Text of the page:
Campaigners are demanding answers as fears over the future of West Cumbria’s breast clinic continue to rise.

Since the outbreak of Covid-19, West Cumberland Hospital’s breast screening clinic was moved to Cumberland Infirmary for an unspecified – but temporary – time.

Women undergoing tests for breast cancer during the pandemic have been referred to the Carlisle hospital, with breast surgery planned to continue taking place at Whitehaven.

But members of the We Need West Cumberland Hospital (WNWCH) group have once again stressed the importance of seeing the clinic return to the west in a letter to the North Cumbria Integrated Care Trust (NCIC), after “there have been no breast radiology clinics at our hospital in July”, and “even the promised once-weekly breast radiology support has now been withdrawn”.

It was initially suggested to the group that the service will return out west on June 18.

But with the deadline come and gone, members are fearing the worst, and are particularly concerned for West Cumbrian women who are unable to make the almost 44-mile-long journey to Carlisle from Whitehaven.

Louise Bell, of the Think Pink fundraising group – which helped fund the new breast unit at West Cumberland – said: “There’s been no reassurance, no firm commitment from the trust on when or if the clinic is coming back to the west.

“It’s known that Copeland has problems with poverty, and with the current pandemic public transport is still an issue, so it’s a huge worry that the young and more mature women of Copeland might be permanently forced to make the massive journey to Carlisle for a service that can be provided with more dignity and privacy out west.”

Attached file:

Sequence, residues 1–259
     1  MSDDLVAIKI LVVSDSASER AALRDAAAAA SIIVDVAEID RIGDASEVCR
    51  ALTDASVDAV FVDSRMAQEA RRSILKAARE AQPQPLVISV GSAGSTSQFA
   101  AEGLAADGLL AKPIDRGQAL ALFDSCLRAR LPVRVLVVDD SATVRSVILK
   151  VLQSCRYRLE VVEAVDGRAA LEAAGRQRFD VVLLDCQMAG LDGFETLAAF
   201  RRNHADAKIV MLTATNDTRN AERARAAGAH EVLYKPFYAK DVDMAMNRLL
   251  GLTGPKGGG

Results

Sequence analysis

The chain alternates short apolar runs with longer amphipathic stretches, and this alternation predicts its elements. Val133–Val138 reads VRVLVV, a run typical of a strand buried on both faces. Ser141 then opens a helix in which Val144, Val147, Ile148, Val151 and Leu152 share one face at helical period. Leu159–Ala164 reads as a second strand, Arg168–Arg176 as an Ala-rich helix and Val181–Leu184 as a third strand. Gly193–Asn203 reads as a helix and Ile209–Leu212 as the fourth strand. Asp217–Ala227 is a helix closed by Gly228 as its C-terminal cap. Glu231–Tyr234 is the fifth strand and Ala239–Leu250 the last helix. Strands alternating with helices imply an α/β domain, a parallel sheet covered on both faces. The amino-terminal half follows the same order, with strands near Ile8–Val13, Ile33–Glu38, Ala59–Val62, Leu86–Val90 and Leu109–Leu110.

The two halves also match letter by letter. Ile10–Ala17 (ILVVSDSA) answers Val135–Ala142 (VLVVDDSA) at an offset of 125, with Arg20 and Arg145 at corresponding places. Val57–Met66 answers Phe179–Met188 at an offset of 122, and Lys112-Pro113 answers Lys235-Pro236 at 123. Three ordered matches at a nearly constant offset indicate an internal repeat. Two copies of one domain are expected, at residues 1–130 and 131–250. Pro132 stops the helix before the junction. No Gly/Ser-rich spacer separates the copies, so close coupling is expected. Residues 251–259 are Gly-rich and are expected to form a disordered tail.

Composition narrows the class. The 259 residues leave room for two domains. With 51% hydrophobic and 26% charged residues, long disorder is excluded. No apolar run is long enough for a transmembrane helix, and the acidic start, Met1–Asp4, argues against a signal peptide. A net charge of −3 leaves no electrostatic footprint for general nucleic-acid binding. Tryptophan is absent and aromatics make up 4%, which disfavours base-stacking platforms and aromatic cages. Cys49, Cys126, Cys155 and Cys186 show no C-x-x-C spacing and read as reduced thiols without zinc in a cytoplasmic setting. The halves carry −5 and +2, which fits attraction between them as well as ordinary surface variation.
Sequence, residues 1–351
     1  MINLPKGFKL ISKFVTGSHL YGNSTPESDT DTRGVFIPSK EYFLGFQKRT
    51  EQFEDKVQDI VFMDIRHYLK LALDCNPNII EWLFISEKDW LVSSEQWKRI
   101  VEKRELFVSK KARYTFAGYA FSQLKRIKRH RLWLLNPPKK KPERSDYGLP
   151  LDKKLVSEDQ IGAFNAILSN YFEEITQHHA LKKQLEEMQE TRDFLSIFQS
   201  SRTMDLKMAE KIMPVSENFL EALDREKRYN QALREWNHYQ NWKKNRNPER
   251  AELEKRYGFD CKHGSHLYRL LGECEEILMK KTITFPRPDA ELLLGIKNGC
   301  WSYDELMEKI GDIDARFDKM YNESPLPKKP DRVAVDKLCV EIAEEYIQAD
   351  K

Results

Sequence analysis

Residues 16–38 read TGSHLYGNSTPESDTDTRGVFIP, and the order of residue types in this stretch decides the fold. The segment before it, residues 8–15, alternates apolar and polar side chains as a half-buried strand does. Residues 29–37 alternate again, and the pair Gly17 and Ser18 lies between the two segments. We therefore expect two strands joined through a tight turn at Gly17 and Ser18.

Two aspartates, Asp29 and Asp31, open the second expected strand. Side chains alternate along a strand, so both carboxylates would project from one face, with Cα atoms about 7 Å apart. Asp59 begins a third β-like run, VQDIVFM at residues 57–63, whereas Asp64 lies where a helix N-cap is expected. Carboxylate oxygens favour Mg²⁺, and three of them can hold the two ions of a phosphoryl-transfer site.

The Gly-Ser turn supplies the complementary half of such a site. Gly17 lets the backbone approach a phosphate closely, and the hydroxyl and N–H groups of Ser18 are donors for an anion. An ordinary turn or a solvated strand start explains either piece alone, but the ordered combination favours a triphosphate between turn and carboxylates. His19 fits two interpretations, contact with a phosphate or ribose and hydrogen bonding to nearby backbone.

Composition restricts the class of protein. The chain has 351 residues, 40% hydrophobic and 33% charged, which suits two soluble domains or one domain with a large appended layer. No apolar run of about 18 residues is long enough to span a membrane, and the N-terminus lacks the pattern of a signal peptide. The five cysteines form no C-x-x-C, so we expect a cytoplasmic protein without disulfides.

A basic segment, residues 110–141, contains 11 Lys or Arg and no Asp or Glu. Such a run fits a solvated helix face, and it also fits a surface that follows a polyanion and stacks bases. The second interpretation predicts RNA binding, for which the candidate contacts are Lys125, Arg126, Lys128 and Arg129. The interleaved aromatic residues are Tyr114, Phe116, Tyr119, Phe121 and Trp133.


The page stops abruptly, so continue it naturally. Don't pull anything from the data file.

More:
The unit was opened one year ago today, on July 29, with the help of Louise and her team, who raise funds in memory of their dearly-missed friend, Karen Ritson.

With designated rooms and its own private clinic, the breast unit offers those experiencing the difficult time of cancer treatment, or going through the early stages of screening.

And as the group raised more than £84,000 over 10 years for the department, they are terrified their hard work may have been a waste of time.

“We as a fundraising group are heartbroken to see the hard work of the group and those who support us going to waste,” Ms Bell said.

“When the clinic was first moved to Carlisle we were reassured it would be a temporary measure, but it’s become more of an ‘if’ than a ‘when’ now, so we’re becoming more and more and more concerned as the weeks go by.”

A spokesman for the trust confirmed it is discussing the best way to resume the clinic in the future, saying: “We are still looking at ways to safely restart this service and we will be engaging with our partners (including the We Need West Cumberland Hospital Group) about this shortly.”